Guinea love… cute picture warning

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I’ve discovered a new type of love. One that I never expected and that brings me great happiness.

Oh it’s not that painful, all-encompassing love I have for my children, where I am forever scared of how I may lose this beautiful thing.  Or the deep comfort (with flashes of passion) for my man, tinged with a hint of regret that I’m not exactly the person he married (a bit tireder, grumpier, bossier).

No, this is a pure and simple love that came out of nowhere and makes me smile every day. It is the love of a fully grown woman for two cute and cuddly guinea pigs named Thomas and Twiggles.

We decided to get the children some guinea pigs last year. I was raised with pets and I believe they teach children such a lot about love, life, death and responsibility. I’ll never forget the joy of finally taming an abandoned, feral kitten when I was eight. The dedication and perseverance gave me a wonderful friend and furry pillow.

I was fully prepared for doing my share of the work (that’s their share when I can’t be bothered to nag). However, I am pretty strict on maintaining the children’s input in mucking out and topping up food and water, as well as daily handling of the little guys. I’m always glad to get a cuddle too.

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I expected to like them… but not to love them. But, there is nothing like a guinea pig snoozing on your lap to calm you down when you are stressed. There is nothing like the simple pleasure of watching them frolic and graze in the garden. It’s a very simple love, without angst or fear, and maybe that comes from knowing they are only with us for five or so years and we have to make the most of them.

There, it’s official: I heart Tom ‘n’ Twigs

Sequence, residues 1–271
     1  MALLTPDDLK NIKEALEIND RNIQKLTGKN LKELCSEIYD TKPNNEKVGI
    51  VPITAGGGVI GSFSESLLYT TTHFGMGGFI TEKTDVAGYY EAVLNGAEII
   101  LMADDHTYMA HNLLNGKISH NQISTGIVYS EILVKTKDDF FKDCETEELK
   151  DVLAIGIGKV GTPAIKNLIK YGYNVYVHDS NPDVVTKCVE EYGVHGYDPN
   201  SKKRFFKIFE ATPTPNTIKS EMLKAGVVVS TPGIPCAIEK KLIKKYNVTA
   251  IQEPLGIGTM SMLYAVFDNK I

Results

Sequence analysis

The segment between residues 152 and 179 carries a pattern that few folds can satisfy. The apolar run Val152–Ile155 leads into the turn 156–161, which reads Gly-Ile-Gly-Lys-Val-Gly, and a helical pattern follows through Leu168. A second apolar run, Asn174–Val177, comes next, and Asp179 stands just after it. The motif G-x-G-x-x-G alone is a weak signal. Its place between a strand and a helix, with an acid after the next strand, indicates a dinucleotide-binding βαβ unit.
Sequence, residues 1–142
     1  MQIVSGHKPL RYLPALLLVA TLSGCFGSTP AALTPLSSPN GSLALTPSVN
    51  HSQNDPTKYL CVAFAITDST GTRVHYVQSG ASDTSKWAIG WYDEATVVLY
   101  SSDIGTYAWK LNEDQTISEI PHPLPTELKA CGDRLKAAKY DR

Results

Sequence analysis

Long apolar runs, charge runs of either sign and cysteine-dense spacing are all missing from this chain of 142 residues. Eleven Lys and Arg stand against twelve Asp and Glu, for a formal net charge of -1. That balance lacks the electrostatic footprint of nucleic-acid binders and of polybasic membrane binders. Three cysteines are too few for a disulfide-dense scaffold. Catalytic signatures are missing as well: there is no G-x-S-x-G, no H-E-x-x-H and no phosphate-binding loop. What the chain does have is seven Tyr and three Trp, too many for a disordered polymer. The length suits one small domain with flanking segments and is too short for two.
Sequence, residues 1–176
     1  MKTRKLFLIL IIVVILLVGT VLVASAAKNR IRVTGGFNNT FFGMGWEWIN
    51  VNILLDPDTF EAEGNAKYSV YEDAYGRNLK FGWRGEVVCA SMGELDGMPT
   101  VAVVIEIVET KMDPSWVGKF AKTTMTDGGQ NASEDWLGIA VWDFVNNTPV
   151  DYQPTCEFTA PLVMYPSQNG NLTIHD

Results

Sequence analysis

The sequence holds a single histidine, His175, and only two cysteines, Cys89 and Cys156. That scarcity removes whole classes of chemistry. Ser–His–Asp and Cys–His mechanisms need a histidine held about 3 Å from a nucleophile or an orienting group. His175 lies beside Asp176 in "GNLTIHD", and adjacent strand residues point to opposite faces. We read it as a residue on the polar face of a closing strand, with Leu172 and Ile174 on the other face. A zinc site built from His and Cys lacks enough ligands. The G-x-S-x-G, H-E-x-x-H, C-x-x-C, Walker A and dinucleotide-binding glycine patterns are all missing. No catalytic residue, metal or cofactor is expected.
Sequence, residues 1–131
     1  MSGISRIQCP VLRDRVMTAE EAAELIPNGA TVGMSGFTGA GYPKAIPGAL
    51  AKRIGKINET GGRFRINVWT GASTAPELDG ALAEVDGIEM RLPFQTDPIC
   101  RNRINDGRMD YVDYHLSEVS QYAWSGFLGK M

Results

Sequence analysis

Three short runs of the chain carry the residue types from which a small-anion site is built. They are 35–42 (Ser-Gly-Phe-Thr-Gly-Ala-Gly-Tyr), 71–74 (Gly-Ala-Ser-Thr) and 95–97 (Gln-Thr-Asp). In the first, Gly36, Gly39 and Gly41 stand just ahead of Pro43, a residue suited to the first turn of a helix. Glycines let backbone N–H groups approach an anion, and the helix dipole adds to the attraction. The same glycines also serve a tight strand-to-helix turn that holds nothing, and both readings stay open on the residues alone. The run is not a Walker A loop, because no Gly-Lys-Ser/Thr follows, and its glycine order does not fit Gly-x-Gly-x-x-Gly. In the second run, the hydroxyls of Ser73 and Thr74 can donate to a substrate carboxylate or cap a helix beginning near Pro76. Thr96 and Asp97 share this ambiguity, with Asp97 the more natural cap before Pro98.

Newsflash: Princesses can climb trees

As the mother of a strongwilled delightful four year old girl, I try to fight the pink stereotypes that threaten to engulf her every waking moment. I try to help her see that 1) ‘pretty’ isn’t the top objective in life, 2) clothes should first and foremost be cosy and comfortable and 3) that girls can take on the world. I’ve succeeded with 3), she takes no prisoners and has a natural authority. Take on the world? No problem, but expect collateral damage.

However, I’ve so far lost the battle on appearance. Like every other little girl she meets, she adores the Disney princess way of dressing. Four outfit changes a day? Well of course, darling, that is standard. She thinks girls should wear dresses all the time. Leggings are permissible if a skirt is worn over, but jeans and sensible trousers are just ‘too scruffy’.

I’m letting her have this phase. Often, disagreeing with her just cements her view and in the end, it is her body to dress as she will. My small stamp of authority is this: the pink/frilly/yucky/frothy numbers are all secondhand or hand me ons. That way, if they get ruined when this princess climbs trees, makes dens, fights with sticks and rolls down grassy hills, then we are all smiling. It’s what we do, not what we wear, that counts.

Activity: transform sad hippos into mini gardens

Do you have a neglected hippo languishing in your garden? This one was in mine, unloved and uncared for…. so sad 😦

It used to be cherished as a paddling pool, then a sand pit, but now it is festering. Time for a hippo rescue.